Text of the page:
Posts tagged poor
Posts tagged poor
Minimum-wage jobs are physically demanding, have unpredictable schedules, and pay so meagerly that workers can’t save up enough to move on.
The nation’s poverty rate was cut in half, from 22.2 percent in 1960 to an all time low of 11.1 percent by 1973. Most dramatic was the decline of poverty among the elderly, from 35.2 percent in 1959 to 14.6 percent in 1974, thanks to enactment of Medicare in 1965 and cost-of-living increases for Social Security. The poverty rate among African Americans fell from 55.1 percent in 1959 (when most blacks still lived in the rural South) to 41.8 percent in 1966 (when blacks were an increasingly urban group) to 30.3 percent by 1974.
The nation’s poverty rate has never returned to the level Harrington described in The Other America. But progress was stalled in the 1970s. Today, almost 50 million Americans — over 15 percent of the population — live below the nation’s official poverty threshold. Almost as many poor people live in the suburbs as in cities — a phenomenon that was unthinkable 50 years ago. About one-quarter (22 percent) of America’s children now live in poverty. The poverty rate is much higher for Blacks (27 percent) and Latinos (26 percent) than for whites (10 percent). A significant proportion of America’s poverty population are the working poor, who earn poverty-level wages.
Even more startling is the fact that 100 million people comprise what the U.S. Census calls the poor and the “near poor,” based on a new definition of poverty that measures living standards, not just income. Almost one-third of the nation, in other words, can barely make ends meet.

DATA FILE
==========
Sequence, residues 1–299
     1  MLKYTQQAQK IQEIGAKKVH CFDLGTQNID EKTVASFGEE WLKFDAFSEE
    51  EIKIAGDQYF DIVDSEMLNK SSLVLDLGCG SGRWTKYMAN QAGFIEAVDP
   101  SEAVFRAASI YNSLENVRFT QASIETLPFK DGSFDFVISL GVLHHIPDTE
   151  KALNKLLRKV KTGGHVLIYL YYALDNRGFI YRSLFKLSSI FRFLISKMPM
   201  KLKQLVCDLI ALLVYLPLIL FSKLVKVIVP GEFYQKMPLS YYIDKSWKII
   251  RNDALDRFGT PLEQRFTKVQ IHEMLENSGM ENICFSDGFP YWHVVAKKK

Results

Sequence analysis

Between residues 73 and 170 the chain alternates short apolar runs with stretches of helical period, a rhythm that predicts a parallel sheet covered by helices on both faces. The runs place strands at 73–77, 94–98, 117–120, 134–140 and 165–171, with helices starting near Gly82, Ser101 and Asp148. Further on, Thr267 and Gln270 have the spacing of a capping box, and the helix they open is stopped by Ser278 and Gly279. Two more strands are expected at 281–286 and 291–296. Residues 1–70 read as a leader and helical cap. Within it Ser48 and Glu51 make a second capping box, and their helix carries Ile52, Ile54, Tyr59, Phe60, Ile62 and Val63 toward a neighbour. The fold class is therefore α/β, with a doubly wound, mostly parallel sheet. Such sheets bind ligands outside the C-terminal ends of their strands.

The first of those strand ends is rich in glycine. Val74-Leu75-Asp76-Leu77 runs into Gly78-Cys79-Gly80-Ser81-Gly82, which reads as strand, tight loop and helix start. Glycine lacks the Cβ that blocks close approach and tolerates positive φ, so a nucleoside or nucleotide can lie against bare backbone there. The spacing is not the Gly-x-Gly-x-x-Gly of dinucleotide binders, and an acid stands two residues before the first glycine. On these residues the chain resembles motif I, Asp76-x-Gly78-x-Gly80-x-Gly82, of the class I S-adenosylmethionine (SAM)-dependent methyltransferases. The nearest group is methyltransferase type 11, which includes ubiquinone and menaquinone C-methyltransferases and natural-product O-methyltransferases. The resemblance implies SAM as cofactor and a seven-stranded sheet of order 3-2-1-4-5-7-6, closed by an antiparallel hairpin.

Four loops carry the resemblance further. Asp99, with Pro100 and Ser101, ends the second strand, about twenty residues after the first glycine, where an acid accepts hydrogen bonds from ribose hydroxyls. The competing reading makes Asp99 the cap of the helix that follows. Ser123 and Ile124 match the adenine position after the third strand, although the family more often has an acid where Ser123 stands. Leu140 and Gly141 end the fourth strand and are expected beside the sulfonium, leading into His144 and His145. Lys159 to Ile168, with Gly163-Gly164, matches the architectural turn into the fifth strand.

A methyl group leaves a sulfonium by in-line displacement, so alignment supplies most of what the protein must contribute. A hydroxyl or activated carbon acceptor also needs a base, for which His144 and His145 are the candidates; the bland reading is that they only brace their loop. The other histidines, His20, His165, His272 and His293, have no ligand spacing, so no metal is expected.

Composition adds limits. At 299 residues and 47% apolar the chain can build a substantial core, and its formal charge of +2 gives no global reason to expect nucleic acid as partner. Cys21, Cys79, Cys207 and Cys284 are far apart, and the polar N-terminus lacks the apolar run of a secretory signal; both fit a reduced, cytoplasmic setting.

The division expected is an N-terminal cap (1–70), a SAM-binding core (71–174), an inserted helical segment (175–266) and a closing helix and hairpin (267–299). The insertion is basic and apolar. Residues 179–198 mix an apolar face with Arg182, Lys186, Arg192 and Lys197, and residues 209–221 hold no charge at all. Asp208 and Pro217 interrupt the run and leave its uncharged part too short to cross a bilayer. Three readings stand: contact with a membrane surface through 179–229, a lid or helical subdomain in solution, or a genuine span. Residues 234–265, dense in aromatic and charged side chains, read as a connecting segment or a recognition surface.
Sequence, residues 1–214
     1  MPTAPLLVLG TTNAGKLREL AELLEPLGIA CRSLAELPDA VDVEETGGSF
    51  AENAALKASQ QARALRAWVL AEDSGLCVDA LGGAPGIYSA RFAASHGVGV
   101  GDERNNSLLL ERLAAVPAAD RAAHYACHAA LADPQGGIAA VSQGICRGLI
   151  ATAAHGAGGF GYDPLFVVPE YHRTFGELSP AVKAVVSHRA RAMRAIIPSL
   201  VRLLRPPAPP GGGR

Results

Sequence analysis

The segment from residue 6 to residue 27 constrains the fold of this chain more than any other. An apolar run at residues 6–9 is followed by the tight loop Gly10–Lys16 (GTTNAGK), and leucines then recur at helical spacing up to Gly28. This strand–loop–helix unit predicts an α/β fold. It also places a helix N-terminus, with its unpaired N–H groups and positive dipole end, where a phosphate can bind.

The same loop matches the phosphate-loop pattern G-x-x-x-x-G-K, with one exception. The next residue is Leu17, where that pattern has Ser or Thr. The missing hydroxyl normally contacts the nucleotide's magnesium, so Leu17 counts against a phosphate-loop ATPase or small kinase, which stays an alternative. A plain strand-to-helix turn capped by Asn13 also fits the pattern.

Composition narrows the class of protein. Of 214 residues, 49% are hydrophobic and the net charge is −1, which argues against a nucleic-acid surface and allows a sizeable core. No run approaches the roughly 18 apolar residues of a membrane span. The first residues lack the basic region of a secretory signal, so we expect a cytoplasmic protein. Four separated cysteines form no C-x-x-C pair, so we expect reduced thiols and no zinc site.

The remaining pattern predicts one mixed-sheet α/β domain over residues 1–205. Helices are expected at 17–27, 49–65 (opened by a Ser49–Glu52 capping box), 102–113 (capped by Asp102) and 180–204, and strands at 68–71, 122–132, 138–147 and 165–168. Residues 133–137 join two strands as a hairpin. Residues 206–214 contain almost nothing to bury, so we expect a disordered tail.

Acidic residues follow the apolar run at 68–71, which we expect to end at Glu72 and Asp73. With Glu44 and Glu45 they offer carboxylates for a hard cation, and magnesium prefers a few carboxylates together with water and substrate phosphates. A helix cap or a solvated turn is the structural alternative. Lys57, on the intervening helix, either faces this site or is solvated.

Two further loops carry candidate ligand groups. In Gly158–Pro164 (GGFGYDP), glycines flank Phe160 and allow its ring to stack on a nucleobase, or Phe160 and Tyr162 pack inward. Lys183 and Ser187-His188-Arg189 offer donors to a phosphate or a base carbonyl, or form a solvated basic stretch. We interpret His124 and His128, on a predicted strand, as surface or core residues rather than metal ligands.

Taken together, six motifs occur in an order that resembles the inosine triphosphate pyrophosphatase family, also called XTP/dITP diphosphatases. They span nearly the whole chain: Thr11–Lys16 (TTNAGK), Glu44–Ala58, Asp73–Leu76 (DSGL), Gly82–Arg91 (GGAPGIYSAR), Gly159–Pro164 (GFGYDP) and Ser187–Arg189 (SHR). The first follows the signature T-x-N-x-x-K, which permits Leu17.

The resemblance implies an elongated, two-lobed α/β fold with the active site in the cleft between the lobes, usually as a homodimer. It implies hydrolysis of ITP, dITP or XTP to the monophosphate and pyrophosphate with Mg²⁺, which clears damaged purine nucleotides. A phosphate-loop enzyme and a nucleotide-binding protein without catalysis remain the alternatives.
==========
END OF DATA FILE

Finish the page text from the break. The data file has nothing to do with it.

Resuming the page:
Although America’s poverty rate has fluctuated over the years, it has persistently been two or three times higher than poverty rates in most European societies, which have much more generous social welfare policies and stronger labor unions. Even Canada — which has a similar economy and distribution of wealth as the United States — has a much lower poverty rate and does not permit the level of sheer destitution and misery found in the United States, including hunger, slums, and the growing army of homeless people sleeping on park benches and in vacant buildings.
Barry M. Popkin’s work as a nutritionist has spanned from Taiwan to South Africa to Mexico and the U.S. He’s the originator of the “nutrition transition” concept, a model for understanding how globalization has led to widespread changes in people’s diets around the world. A professor at the Univestity of North Carolina at Chapel Hill, Popkin has become well known for his 2009 book, The World Is Fat: The Fads, Trends, Policies, and Products That Are Fattening the Human Race, in which he argues how the global food industry has altered the way we eat, drink and move.
Here, Popkin talks about the complex reasons for why developing nations are adopting America-like food systems, and why reverting back to more traditional, nutritional diets en masse is going to be difficult, to say the least.
Despite being well-known as the home to millionaires, many poor call cages home.
Anger over housing prices is a common theme in increasingly frequent antigovernmet protests. Legislator Frederick Fung warns there will be more if the problem can’t be solved. He compared the effect o the poor to a lab experiment.
"When we were in secondary school, we had some sort of experiment where we put many rats in a small box. They would bite each other," said Fung. "When living spaces are so congested, they would make people feel uneasy, desperate,"and angry at the government, he said.